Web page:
Foreign exchange swap as the name depicts is a swap of foreign exchange. This swap is done between two countries and thus is a bilateral currency swap arrangement. It is also called as a cross-currency swap and serves the purpose of hedging exposure to Foreign Exchange Risk or reducing the borrowing cost a foreign currency.
For a currency or a foreign exchange swap contract, the interest rates have to be established for an agreed amount at a common maturity for the exchange. It’s a foreign exchange transaction which involves exchange of both the principal and the interest in one currency in lieu of the other currency, wherein the interest rates are benchmarked to LIBOR. Thus it is similar to an interest rate swap but in this case the currency which is the principal is exchanged. As the exchange rate can change over the period of time, the currency swaps give the two countries the comfort of knowing the amount they have to pay and receive at the maturity. Thus they help in hedging the foreign currency risk.
The Reserve Bank of India (RBI) has the flexibility to manage liquidity through these swaps. It can either sell the exchanged currency to importers for their bills or foreign loans can be paid by the borrowers. They also have the option to increase the Forex Reserves which should control the depreciation of Rupee.
Advantages of swaps in foreign exchange markets
India’s foreign exchange swap contract with other countries
Indian has this forex swap arrangement between many Asian nations. With the South Asian Association for Regional Cooperation (SAARC) nations till mid November 2017, wherein RBI offered up to an overall amount of US Dollar 2 billion both in foreign currency and Indian Rupee of swap arrangement.
Both nations give dollars in place of other nation’s currency. So at the recent foreign exchange swap between India and Japan, the Japanese central bank – Bank of Japan (BoJ) will accept Rupees and give US Dollars to India’s central bank – Reserve Bank of India (RBI), while RBI will take Yen and give US Dollars to BoJ – this is to stabilize each other’s economies. Apparently the deal with Japan was amongst the highest in value at USD 75 billion. This may lead to appreciation in the local currency after it has become the victim of global trade war tweets. The Japanese economy has a good forex reserve of over USD 1,250 billion and thus dollar demand from India is quite unlikely to happen. Though the Japanese may seek investment deals at their terms from India in exchange.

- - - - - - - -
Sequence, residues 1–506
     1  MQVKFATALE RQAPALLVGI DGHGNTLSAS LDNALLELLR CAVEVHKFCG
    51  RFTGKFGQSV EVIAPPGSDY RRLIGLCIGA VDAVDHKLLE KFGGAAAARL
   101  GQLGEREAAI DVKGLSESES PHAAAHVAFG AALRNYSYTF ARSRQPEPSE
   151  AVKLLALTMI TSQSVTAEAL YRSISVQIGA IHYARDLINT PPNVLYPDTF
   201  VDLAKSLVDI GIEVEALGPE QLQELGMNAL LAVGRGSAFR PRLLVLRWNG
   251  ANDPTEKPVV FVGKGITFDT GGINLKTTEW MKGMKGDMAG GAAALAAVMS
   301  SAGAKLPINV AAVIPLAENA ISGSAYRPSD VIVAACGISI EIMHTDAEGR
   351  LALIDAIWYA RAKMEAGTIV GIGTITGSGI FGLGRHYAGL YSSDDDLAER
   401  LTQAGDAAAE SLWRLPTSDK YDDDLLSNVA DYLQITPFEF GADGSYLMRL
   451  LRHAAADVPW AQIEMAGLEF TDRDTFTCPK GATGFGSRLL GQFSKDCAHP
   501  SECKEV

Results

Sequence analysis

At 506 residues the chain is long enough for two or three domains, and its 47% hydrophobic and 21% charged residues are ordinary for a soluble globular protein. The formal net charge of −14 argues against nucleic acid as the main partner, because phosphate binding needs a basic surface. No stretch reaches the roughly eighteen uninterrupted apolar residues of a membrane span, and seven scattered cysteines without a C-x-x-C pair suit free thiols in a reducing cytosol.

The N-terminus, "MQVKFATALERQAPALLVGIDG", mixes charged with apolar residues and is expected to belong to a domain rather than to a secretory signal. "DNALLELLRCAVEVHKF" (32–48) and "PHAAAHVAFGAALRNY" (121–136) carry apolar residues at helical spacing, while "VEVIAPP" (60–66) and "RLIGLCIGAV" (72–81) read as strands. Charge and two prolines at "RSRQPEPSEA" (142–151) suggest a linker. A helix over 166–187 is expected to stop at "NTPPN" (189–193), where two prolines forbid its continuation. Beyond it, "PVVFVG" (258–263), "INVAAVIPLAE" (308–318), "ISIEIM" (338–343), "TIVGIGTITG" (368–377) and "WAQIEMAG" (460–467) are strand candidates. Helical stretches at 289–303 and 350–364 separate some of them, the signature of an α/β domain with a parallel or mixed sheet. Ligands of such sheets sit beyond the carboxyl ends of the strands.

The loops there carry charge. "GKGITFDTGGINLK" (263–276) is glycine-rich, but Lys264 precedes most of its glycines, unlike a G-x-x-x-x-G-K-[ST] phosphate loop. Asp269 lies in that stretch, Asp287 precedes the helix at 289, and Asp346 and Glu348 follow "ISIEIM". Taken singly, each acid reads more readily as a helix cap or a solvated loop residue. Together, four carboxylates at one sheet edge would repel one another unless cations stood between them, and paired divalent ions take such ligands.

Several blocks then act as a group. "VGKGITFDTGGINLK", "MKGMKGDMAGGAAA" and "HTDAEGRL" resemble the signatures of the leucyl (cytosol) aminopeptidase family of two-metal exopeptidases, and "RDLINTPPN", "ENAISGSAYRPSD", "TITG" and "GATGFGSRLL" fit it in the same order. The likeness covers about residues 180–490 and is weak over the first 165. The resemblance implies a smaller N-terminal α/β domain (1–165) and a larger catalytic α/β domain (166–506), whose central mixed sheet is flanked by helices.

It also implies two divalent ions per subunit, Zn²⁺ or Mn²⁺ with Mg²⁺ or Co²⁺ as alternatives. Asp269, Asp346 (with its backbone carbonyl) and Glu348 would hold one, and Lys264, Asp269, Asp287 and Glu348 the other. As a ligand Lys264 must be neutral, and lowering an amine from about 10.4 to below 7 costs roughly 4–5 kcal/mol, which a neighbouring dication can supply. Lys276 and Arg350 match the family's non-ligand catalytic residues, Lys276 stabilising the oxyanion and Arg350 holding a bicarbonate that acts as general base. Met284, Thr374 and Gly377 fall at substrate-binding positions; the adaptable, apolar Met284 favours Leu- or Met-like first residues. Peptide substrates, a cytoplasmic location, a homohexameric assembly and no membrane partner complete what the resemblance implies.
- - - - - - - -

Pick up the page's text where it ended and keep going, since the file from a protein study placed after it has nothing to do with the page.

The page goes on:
In the past India has struck such foreign exchange swaps with UAE and Sri Lanka also. In 2017, UAE agreed to do a currency swap of USD 52 billion with a non-oil trade of USD 34 billion. RBI also agreed to provide Sri Lankan Central Bank an amount of USD 400 million to boost the forex reserves of Sri Lanka.
India in the past have has currency swap agreements with many countries especially with oil exporting nations like Algeria, Nigeria, Iran, Iraq, Venezuela, Saudi Arabia. Non-oil exporting countries like Russia, Australia, South Korea, Singapore, South Africa amongst others.
Locally, Rupee was seen appreciating all the way to 68.50 to the US Dollar, which probably prompted RBI to conduct foreign exchange swap for a 3 year tenor in March this year. This was to supply funds for a longer duration to the banks. This amount garnered through the auction would reflect in the foreign reserves for that period.
Swaps in Foreign exchange markets are important
For the agreement to achieve its goal, it’s essential for exporters to strictly give quotations in Rupee for trade. This will work in tandem to government’s efforts in procuring more foreign exchange swaps. The currency swaps help in reducing the shoring current account deficit. Thus these swaps in the Foreign Exchange Markets are important for any economy which wants mitigate risk of long term currency fluctuation.
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07 Feb 2020 03:19 PM
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27 Jan 2020 02:13 PM
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16 Jan 2020 05:08 PM
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10 Jan 2020 06:00 PM
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03 Jan 2020 04:24 PM
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26 Dec 2019 05:01 PM
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